Sunday, March 15, 2009

The southwest ridge of Peak 11,300 has long been a desired route of mine. Several years ago two friends made a late winter ascent, climbing the route in six long days.

"We were slow, you can do it much faster for sure!" they said.

When our pilot friend offered to fly us "anywhere we wanted to go" it was hard to resist. Seth and I quickly jumped on his offer and settled on a trip to the Ruth for some late winter exploits.

It isn't often that an *almost* free trip to the Alaska Range falls into one's lap. We quickly learned that free doesn't always come without a price.

Conor "The Man" McManigan on the flight in

The Broken Tooth

The stunning UNCLIMBED East Buttress of MT. Johnson.

Peak 11,300's SW Ridge

We equipped ourselves with an arsenal of warm clothes that would lift a Russian's brow and ran up a hefty Costco food bill.

The weather gods appeased us and granted us with a solid week of stellar bluebird weather and astonishingly moderate temps ranging from -10 to 10F at basecamp in the west fork of the Ruth.

Despite the temps, the snow was extremely unconsolidated and dry, as expected. Our pilot's ski dug in on the turnaround and became hopelessly stuck. Hours and hours of digging, wedging and improvisation finally dislodged the plane. The strut on the wheel bent which caused the ski to edge in to the snow. Hmmm, was this a sign?

The Rooster Comb

With that near miss behind us, we hastily broke trail up glacier. The firing squad of gravity-defying seracs on Huntington's North Wall hurried our movement to the base of the ridge.

Beautiful winter light over the North Wall of Huntington

Up on the route, everything looked good. We knew that in typical spring conditions the route can be done in two-three good days. We packed five days of food and fuel, knowing the deep snow would dramatically slow us.

On the first day we made quick time up the approach gully. Snow ranged from waist or more deep snow to firm neve. Still, with so much snow on the route, every move seemed to take five times longer than it should have. Locating pick or protection placements turned into grueling minutes. The 35lb packs bogged down with cold weather bags, ample fuel and food, etc didn't help.

Our goal had been the first col on the first night...roughly one third of the way up the route. On the first day we made it half the way, to the boulder bivy just below Flake Gully.

Seth on one of the mixed pitches

Seth at the boulder bivy

"Ugh, this is painfully slow," we thought. "We have to move faster tomorrow!"

The next day required full on snow trench warfare against Flake Gully and the subsequent mixed pitches beyond.

Swing, swing, bash, bash, scoop, swing, drag, place. Step up, sink down. Repeat. Look back and see five minutes had advanced us three feet. "WHAT!"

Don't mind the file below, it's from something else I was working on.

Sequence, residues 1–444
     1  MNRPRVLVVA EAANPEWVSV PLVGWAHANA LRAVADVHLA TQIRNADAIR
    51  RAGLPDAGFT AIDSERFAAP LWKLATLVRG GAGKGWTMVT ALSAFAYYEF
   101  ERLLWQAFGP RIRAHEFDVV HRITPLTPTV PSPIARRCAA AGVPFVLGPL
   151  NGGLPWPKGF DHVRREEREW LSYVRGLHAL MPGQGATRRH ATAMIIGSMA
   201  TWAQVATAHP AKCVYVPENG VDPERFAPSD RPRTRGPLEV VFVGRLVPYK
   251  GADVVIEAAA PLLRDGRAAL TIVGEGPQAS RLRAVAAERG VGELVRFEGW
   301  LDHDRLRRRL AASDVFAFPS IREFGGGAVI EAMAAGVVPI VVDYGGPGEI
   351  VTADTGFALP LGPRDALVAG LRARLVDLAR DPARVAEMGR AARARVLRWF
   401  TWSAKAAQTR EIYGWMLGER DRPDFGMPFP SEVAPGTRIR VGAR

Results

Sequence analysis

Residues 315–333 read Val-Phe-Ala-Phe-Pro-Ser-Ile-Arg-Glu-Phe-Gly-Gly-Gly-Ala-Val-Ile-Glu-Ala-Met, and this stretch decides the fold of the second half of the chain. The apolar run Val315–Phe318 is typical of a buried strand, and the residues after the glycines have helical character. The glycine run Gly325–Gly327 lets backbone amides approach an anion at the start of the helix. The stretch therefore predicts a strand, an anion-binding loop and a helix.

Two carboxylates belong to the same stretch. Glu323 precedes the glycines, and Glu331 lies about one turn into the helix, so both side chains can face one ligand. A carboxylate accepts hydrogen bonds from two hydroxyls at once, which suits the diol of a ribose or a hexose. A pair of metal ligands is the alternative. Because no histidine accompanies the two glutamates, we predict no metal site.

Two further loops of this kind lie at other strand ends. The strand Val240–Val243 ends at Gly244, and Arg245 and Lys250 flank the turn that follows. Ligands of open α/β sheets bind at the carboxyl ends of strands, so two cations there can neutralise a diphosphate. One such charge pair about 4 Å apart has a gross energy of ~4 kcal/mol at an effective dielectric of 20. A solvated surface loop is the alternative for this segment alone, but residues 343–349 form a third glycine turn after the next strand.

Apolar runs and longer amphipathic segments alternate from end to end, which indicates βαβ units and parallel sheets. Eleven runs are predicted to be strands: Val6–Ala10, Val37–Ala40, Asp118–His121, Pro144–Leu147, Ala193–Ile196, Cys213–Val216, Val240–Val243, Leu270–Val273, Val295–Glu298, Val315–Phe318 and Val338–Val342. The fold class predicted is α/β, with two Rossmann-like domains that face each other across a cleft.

The North Wall of Huntington

Day two came and went with not nearly as much progress being made as we had hoped. Despite continuous 55-58m pitches, we just didn't seem to be getting anywhere.

"Hmmm, so tomorrow we'll make it to the first col...on day three. One third of the way up the route..."

"Yeah, but what if the snow gets better up high and we can move faster?"

"What if it doesn't?"

Seth contemplates the future while water boils on the second night. Notice my mittens acting as booties!

We battled the decision on the morning of day three just below Thin Man's Squeeze and bailed. The descent down the south ridge and under the hanging glacier with waist deep snow didn't sound appealing either.

On the way down a friendly raven followed us and cooed as if to say we made the right choice.

We got back to basecamp only to find that this same lone raven had destroyed our camp. That damned bird had tunneled, literally tunneled under our duffel bags and gotten to our trash bag. He also managed to unzip my bag and pull my jacket and spare clothes out. We knew ravens were notorious for invading camps and even digging, but in early March??????

The raven's revenge

We called Paul Roderick from TAT and asked for a pick up.

"Sure thing. I'll need a six, no wait - eight, no wait - thousand foot runway with a big turn around."

Five hours later Seth and I had a stellar 12'x1000' strip flattened out. Paul arrived in a jolly mood and whisked us away with ease.

Despite not getting to the top, or even close for the matter, the climbing was amazing and very fun. The imposing North Face of Huntington, Rooster Comb and South Buttress of Denali provided incredible vistas throughout our week.

It was a pleasant experience to be completely alone in the Ruth. We learned that Masatoshi Kuriaki, the Japanese Caribou soloist, is bailing from Hunter's West Ridge due to the same deep snow conditions we had. He has already climbed both Foraker and Denali solo in the winter and needs only Hunter to complete his quest. We wish him a safe descent.

Hopefully we can go back this spring and tackle the route in better conditions.

It was a treat just to be in the Range for a week.